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April 1951


Author Affiliations

MINNEAPOLIS; Edmonton, Alta., Canada

From the Division of Dermatology, University of Minnesota, H. E. Michelson, M.D., Director; and the Department of Dermatology, Minneapolis General Hospital, Carl W. Laymon, M.D., Director.

AMA Arch Derm Syphilol. 1951;63(4):409-418. doi:10.1001/archderm.1951.01570040003001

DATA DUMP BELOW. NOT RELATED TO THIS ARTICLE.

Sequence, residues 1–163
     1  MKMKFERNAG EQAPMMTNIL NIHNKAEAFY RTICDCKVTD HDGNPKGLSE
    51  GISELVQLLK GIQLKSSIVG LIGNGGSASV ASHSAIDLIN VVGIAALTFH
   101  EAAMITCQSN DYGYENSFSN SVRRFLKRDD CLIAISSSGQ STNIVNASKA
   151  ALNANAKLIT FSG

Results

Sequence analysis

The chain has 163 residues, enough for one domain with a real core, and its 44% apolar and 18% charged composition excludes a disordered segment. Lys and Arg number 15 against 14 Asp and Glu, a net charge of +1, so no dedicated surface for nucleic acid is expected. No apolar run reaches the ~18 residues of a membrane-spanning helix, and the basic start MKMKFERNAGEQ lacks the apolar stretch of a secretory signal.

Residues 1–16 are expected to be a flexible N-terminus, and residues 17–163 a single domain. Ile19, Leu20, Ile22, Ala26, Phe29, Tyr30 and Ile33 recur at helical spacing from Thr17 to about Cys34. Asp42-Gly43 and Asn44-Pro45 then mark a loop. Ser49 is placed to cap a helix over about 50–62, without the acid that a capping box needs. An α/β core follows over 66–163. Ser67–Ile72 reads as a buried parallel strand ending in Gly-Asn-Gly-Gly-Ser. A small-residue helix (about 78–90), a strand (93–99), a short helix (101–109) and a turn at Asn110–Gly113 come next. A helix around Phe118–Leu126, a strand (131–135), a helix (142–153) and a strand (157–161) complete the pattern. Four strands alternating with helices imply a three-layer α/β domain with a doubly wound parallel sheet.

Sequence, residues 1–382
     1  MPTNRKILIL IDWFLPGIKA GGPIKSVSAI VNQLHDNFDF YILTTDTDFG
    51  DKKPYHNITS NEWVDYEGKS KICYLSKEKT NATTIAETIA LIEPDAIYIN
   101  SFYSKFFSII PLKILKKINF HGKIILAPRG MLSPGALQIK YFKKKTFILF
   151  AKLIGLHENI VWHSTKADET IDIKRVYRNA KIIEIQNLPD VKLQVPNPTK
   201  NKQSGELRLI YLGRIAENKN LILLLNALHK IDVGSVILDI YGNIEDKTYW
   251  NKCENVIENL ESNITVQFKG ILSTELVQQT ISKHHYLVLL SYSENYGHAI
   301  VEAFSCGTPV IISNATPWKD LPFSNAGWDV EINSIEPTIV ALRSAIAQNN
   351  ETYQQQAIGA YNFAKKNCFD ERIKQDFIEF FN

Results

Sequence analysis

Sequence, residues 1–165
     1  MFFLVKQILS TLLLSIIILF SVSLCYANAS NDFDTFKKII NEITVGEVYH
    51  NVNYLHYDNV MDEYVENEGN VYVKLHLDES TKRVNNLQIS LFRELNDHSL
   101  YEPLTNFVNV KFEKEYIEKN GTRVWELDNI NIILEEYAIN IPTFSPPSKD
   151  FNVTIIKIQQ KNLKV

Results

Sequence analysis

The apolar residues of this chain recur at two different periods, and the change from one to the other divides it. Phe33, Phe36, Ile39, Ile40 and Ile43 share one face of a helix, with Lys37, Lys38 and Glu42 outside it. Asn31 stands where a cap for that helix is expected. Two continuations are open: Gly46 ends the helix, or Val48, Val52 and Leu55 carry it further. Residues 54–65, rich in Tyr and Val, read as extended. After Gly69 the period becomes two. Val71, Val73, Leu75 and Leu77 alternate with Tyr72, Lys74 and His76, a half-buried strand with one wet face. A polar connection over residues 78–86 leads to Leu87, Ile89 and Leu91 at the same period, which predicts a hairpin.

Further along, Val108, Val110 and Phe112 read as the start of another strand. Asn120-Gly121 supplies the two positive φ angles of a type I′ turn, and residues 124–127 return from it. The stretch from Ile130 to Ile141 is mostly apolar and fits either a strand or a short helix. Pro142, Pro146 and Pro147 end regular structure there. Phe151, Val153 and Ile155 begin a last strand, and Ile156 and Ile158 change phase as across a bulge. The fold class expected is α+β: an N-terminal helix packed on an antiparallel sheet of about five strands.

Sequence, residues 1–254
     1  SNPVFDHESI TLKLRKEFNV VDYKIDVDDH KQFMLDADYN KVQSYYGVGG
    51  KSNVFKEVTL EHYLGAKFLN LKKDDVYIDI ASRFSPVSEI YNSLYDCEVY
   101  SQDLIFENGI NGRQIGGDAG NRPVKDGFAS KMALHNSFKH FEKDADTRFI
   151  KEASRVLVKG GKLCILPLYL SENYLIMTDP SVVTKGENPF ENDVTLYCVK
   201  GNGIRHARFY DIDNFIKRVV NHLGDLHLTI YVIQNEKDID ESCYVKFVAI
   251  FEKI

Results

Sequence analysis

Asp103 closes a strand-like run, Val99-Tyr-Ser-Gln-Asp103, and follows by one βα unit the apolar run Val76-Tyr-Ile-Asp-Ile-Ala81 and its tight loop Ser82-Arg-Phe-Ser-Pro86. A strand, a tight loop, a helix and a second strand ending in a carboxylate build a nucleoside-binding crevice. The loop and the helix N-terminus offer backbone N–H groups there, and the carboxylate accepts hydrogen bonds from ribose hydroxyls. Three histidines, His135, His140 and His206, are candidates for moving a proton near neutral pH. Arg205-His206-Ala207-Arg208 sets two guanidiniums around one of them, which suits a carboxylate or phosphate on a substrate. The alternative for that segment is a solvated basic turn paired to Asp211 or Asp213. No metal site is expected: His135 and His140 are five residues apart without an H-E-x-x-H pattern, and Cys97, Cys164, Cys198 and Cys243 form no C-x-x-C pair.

PAPULAR lupoid rosacea, in certain cases, is most difficult to distinguish from the rosacea-like or micropapular tuberculid. Obviously the differentiation is an arbitrary, morphological one since there are no tests which infallibly settle the problem in questionable cases. In an attempt to evaluate the histological observations in rosacea and the micropapular tuberculid, Laymon and Michelson1 in 1940 performed biopsies on 30 patients with rosacea. After examination of sections from these patients they stated that there should be no confusion microscopically between true rosacea and the rosacea-like tuberculid and that in those sections in which giant cells were observed the cells were usually located about a degenerated follicle and true tubercle formation or even collections of epithelioid cells were absent. Continued observation over a period of 10 years, however, has altered these views. Patients have been seen whose eruptions were diagnosed rosacea-like tuberculid clinically in whom no histological evidence for

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